‘It’s Abhorrent’: Racing Dogs Keep Testing Positive for Dope

A New Zealand racing greyhound that tested positive for methamphetamine has drawn attention to the practice of “dog-doping” and fuelled calls for greater scrutiny of the industry at large.

Three-year-old greyhound Zipping Sarah finished first in a race at Christchurch’s Addington Raceway on November 12, winning dog trainer Angela Helen Turnwald a prize stake of more than $2,800. But that prize money was ultimately withdrawn after post-race urine samples revealed methamphetamine and amphetamine in Zipping Sarah’s system.

New Zealand’s Judicial Control Authority for Racing last week issued Turnwald a four-month disqualification and a $2,500 fine. Panel chairman Warwick Gendall said that methamphetamine poses “significant animal welfare issues” and the level of amphetamine, which is metabolised from methamphetamine, in the sample was “particularly large.” Turnwald denied doping her dog, but ultimately pleaded guilty to racing a greyhound that had a prohibited substance in its system.

The disciplinary action came just days after the New Zealand government announced a review of the country’s greyhound racing industry, following a major report in late 2017 that revealed “unacceptably high” rates of dog euthanasia and injury. But animal rights group SAFE claims this is the third doping case in the greyhound racing industry in the last six months – and insists that the sport should be halted altogether until the government has completed its review.

“Giving a dog methamphetamine to improve their race performance is depraved, it’s abhorrent. It’s a reality in greyhound racing in New Zealand at the moment," SAFE spokesperson Will Appelbe told Radio New Zealand. “The government’s review is promising, but every day that dogs are raced, the risk of painful injury is high and death is never far away.

“To protect dogs, the Minister should immediately halt racing until the review is complete.“

While there’s scarce evidence that dog-doping is endemic in the greyhound racing industry, Appelbe is right to say that it is a “reality” in the sport. In countries like New Zealand, Australia, Ireland, the United Kingdom and the United States, greyhounds have variably tested positive for amphetamines, cocaine, ketamine, morphine, codeine and caffeine. They have also tested positive for erythropoietin, known as EPO, a stimulant that enhances performance by increasing red blood cell mass and was the drug of choice for disgraced Tour de France cyclist Lance Armstrong.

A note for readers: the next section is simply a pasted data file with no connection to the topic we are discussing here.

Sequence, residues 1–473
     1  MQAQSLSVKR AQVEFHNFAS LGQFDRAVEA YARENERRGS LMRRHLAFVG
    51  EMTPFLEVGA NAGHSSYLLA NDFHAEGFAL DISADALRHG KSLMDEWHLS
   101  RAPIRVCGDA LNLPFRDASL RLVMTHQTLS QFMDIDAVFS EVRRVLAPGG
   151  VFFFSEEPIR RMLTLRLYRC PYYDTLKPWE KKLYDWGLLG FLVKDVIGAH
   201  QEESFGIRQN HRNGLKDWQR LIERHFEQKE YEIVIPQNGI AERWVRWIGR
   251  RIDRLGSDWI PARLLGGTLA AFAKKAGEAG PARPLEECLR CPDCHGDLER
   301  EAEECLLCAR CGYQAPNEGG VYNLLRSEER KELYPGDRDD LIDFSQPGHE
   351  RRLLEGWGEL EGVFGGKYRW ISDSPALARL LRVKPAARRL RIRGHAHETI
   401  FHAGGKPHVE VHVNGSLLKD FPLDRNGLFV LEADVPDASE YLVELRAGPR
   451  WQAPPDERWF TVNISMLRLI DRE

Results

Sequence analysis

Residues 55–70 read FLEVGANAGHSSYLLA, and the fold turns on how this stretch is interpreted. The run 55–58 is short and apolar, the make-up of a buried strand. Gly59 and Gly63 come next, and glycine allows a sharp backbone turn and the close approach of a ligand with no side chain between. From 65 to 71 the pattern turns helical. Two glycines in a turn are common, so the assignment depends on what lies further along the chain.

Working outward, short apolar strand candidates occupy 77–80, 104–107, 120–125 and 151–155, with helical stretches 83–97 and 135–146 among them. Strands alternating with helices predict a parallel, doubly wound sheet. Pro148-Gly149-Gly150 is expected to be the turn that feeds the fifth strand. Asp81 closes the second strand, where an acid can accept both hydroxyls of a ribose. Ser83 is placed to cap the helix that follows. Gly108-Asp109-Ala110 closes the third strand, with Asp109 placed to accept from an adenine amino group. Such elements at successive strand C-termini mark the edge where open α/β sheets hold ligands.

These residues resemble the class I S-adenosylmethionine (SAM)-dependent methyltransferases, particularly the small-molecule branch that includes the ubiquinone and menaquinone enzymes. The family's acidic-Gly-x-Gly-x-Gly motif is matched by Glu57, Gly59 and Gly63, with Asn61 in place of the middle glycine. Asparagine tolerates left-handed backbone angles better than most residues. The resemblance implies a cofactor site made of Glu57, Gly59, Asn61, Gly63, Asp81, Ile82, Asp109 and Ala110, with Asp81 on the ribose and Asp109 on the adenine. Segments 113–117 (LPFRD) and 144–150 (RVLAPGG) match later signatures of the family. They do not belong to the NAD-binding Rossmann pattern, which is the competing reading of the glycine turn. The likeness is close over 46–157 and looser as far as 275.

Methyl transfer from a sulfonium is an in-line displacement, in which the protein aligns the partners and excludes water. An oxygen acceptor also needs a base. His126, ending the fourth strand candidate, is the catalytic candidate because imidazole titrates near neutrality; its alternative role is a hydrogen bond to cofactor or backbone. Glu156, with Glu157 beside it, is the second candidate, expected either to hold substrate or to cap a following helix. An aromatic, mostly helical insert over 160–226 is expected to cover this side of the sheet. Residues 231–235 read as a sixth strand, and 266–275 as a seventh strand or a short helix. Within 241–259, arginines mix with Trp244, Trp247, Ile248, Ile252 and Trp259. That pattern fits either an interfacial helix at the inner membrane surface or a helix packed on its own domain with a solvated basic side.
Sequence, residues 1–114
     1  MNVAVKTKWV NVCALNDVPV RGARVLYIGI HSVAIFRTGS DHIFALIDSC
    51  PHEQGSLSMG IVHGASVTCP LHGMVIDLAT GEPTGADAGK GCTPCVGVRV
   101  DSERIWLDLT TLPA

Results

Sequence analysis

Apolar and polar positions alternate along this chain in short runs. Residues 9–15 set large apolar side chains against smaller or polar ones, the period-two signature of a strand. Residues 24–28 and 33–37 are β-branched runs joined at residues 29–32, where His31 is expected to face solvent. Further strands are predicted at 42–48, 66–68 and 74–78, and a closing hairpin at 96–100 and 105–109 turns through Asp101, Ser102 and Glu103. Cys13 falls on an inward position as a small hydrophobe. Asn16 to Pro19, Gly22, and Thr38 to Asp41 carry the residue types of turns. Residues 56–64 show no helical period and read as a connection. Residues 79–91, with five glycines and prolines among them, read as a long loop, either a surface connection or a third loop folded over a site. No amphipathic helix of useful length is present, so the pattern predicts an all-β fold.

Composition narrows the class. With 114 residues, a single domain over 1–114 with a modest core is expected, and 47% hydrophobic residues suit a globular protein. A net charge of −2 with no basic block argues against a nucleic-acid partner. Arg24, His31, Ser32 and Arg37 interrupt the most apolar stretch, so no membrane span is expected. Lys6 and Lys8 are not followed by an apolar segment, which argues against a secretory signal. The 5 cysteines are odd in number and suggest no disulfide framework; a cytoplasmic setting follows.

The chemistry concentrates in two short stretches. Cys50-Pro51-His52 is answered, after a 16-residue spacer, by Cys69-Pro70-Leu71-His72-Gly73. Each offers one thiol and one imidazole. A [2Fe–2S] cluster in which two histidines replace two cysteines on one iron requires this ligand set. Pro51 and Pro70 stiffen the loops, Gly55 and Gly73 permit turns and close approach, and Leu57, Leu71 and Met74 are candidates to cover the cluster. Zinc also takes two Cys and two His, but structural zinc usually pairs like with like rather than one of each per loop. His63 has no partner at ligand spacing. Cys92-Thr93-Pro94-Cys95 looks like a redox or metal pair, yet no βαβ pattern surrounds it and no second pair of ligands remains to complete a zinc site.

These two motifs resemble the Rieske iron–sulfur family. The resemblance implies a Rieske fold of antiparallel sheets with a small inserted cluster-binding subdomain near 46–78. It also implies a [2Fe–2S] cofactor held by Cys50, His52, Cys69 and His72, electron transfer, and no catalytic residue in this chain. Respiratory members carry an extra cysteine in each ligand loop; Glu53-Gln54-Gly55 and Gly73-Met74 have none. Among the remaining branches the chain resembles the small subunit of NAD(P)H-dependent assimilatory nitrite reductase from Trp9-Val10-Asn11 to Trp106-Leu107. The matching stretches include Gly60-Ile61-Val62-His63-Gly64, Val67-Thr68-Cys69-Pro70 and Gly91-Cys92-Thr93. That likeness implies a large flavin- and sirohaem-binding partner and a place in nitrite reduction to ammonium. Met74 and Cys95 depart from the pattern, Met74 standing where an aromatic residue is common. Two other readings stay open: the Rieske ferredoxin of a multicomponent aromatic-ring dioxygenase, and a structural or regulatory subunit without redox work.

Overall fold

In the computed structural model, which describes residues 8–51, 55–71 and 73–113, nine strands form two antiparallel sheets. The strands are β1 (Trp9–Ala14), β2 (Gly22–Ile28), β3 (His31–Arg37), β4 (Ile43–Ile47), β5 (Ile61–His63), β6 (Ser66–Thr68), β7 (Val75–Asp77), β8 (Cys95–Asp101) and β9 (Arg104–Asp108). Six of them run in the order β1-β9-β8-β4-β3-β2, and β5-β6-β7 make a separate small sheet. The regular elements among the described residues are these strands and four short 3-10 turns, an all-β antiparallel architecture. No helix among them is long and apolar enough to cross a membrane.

Between May 2015 and September 2016, 51 Australian greyhound trainers were fined or suspended for doping dogs. In 2017, one trainer was found to have injected her dogs with EPOs on four separate occasions. In the UK, the Greyhound Board of Great Britain and its Irish equivalent, the Irish Greyhound Board, recorded at least 261 positive tests for banned drugs between 2012 and 2016.

The 2017 report into welfare issues affecting greyhounds in New Zealand observed that, despite the high risk of detection and the serious penalties involved, a total of 52 people had been convicted on the charge over the previous six years – equating to an average of a little over eight per season.

That report described use of a prohibited substance as the “most serious” offence in greyhound racing. But it also noted that, in most cases, the prohibited substances detected in racing dogs are found to have been ingested by accident. It’s a common defence. There are so many drugs and remnants of drugs in the environment at large, trainers argue, that a greyhound could easily test positive after simply licking a surface that contained trace elements of a particular banned substance – a bank note carrying cocaine, for example, or a toilet seat containing ketamine.

In Turnwald’s case, the Judicial Control Authority did not reach a conclusion on when Zipping Sarah had ingested methamphetamines, but noted in its judgement that Turnwald had not carried out “a deliberate wrongdoing”. It is not clear how the “particularly large” sample of the drug ended up in the dog’s system, and Turnwald herself could offer no explanation for the positive result.

Another member of her racing syndicate initially suggested that someone might have smoked meth and then touched or patted the dog at the winner’s podium post race – but this defence was later abandoned. Scientific analysis also noted that the drug’s stage of metabolism at the time of the urine test indicated it had been ingested “at some time before the race meeting”.

“Whatever the motivation, the fact remains that she [Turnwald] has pleaded guilty to the greyhound being presented to race with the Prohibited Substance in its system,” the JCA concluded. “And she could not argue otherwise.”

No products likely to contain derivatives of amphetamines were found at Turnwald’s premises.

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